Judge Víctor Hugo Herrera Ríos ruled last Thursday that there is sufficient evidence to send five high-ranking military officers to trial for the illegal detention, torture, and sexual violence of Emma Molina Theissen and the enforced disappearance of her 14-year-old brother Marco Antonio. The alleged crimes occurred in Guatemala in 1981.
Among the defendants are two decorated generals: Benedicto Lucas García, the former head of the High Command of the Guatemalan Army, and Manuel Callejas y Callejas, the former head of military intelligence. Lucas García also faces trial in the CREOMPAZ case, which has been referred to as the largest case of enforced disappearances in Latin America. The other three defendants are Luis Francisco Gordillo Martínez, Edilberto Letona Linares, and Hugo … Continue Reading
On Thursday, March 2, Judge Víctor Herrara Ríos of High Risk Court C is scheduled to determine whether five high-ranking military officers will stand trial for the illegal detention, torture, and sexual violation of political activist Emma Molina Theissen and the revenge kidnapping of her 14-year-old brother Marco Antonio.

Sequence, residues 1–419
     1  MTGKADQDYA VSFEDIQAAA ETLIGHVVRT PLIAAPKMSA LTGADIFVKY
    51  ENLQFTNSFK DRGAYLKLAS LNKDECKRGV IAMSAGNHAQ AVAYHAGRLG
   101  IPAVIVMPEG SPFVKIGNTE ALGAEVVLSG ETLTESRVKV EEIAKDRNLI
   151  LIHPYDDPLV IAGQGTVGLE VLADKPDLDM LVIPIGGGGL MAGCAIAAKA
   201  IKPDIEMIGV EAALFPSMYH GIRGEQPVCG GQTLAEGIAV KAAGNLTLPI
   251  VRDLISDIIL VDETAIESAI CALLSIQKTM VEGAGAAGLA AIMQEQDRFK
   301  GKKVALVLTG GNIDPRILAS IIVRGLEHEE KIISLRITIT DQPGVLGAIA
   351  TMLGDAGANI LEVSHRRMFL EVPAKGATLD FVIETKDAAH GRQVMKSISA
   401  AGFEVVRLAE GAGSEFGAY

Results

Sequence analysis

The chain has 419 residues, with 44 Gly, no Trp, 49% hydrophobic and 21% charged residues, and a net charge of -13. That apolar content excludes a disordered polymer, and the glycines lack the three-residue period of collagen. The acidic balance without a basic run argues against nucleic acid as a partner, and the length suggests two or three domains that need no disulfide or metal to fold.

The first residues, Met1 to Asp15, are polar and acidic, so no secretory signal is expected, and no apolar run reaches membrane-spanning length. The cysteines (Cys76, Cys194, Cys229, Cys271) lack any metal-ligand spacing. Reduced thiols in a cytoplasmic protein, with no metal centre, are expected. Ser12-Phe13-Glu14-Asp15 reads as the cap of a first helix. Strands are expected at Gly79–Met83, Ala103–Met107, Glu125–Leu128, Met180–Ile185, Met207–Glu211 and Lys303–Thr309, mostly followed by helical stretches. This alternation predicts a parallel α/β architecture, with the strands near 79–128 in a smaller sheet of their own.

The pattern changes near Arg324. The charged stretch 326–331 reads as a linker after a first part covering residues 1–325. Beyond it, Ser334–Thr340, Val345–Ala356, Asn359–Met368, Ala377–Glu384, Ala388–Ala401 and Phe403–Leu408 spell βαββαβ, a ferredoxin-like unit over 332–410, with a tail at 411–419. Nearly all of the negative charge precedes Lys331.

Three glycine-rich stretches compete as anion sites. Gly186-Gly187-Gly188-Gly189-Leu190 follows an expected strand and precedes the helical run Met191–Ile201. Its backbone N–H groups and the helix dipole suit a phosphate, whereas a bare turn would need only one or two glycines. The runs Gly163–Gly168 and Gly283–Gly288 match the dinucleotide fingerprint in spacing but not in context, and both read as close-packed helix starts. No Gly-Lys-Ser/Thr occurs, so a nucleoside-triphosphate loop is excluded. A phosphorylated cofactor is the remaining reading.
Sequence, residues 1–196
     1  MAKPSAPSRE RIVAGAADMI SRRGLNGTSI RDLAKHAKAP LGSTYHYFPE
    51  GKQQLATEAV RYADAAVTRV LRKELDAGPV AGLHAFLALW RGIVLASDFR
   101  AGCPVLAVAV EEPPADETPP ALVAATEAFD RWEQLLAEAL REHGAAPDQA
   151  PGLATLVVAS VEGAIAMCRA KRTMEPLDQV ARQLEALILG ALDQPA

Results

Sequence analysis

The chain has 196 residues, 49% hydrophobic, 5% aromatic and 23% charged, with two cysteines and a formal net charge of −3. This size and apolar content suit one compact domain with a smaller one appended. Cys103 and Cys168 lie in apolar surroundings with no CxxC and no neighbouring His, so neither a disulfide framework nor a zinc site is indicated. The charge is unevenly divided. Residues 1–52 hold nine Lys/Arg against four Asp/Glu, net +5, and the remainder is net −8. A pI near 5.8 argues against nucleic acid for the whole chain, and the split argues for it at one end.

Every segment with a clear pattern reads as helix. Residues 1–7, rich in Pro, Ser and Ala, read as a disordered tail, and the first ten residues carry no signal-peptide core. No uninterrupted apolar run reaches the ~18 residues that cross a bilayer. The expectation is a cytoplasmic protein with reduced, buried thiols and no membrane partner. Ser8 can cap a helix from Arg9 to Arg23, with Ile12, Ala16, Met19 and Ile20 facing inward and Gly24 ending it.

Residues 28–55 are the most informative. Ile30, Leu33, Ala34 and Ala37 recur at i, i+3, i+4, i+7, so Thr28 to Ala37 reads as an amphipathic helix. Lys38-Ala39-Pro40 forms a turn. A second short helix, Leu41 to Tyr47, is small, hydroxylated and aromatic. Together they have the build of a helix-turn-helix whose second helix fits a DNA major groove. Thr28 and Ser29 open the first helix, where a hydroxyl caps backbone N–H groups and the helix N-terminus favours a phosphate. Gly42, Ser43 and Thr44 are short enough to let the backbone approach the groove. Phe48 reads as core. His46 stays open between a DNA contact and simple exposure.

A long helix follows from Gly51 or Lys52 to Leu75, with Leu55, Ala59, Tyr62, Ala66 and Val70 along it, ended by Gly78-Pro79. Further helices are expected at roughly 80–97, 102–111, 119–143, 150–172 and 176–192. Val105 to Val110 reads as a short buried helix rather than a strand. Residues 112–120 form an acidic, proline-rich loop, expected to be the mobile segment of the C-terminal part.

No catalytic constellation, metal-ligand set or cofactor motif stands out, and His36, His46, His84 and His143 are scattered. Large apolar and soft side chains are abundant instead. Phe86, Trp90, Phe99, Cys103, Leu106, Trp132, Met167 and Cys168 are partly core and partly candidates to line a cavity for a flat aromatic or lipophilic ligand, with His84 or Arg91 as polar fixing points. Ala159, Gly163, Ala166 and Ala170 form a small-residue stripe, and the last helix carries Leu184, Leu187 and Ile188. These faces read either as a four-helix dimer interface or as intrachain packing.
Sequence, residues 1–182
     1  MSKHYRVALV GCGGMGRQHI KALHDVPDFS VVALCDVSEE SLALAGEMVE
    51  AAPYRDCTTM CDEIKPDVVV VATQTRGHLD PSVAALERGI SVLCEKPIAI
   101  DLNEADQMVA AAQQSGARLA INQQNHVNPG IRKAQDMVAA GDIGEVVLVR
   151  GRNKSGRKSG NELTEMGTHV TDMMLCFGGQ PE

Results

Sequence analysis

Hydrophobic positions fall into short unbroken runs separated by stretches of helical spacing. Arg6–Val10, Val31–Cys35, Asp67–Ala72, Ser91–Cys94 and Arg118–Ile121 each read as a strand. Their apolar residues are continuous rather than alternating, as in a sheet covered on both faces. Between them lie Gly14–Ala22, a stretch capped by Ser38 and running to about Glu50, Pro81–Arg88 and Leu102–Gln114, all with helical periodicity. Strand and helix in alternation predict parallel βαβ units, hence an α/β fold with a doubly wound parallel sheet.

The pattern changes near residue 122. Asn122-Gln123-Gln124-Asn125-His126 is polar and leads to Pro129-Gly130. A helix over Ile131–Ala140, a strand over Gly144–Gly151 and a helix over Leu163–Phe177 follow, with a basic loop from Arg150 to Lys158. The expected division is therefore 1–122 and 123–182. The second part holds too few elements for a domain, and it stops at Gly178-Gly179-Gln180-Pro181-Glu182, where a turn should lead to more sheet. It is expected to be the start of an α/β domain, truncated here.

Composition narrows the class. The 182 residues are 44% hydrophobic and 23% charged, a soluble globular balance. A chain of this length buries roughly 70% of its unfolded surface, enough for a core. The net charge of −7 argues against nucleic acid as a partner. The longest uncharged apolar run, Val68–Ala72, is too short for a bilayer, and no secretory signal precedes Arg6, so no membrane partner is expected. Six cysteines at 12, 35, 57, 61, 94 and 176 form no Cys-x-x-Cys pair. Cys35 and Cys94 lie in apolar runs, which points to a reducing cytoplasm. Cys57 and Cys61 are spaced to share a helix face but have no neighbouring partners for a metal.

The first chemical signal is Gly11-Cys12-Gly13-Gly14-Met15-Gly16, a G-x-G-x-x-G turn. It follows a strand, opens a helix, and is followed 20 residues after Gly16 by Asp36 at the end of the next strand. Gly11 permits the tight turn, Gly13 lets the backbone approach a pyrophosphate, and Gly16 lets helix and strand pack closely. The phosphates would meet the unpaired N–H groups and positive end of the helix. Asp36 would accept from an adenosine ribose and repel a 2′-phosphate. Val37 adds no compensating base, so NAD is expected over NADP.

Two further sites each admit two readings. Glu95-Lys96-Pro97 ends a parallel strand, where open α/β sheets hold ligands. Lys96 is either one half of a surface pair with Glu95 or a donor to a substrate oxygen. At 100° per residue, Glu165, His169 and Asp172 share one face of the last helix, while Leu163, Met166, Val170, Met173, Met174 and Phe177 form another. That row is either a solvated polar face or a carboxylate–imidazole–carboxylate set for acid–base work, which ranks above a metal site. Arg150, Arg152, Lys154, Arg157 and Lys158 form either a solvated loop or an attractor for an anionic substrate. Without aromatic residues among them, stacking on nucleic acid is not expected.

The five officers, all retired, include two heavily decorated generals who were believed to be untouchable: Benedicto Lucas García, former head of the Guatemalan army, and Manuel Callejas y Callejas, former head of military intelligence. Callejas y Callejas later became notorious for his alleged role in organized crime; in 2003, the United States revoked his visa due to concerns over his involvement in drug trafficking and other illegal activities.
The other three officials … Continue Reading
While a court has rejected efforts to dismiss charges against former dictator José Efraín Ríos Montt in relation to the 1982 Dos Erres massacre, it has yet to determine whether the case will be heard using the special procedures outlined in Guatemalan law for individuals like Ríos Montt, who suffer mental incompetence, as solicited by the Attorney General’s Office. The court was scheduled to make this determination in a hearing yesterday but failed to do so.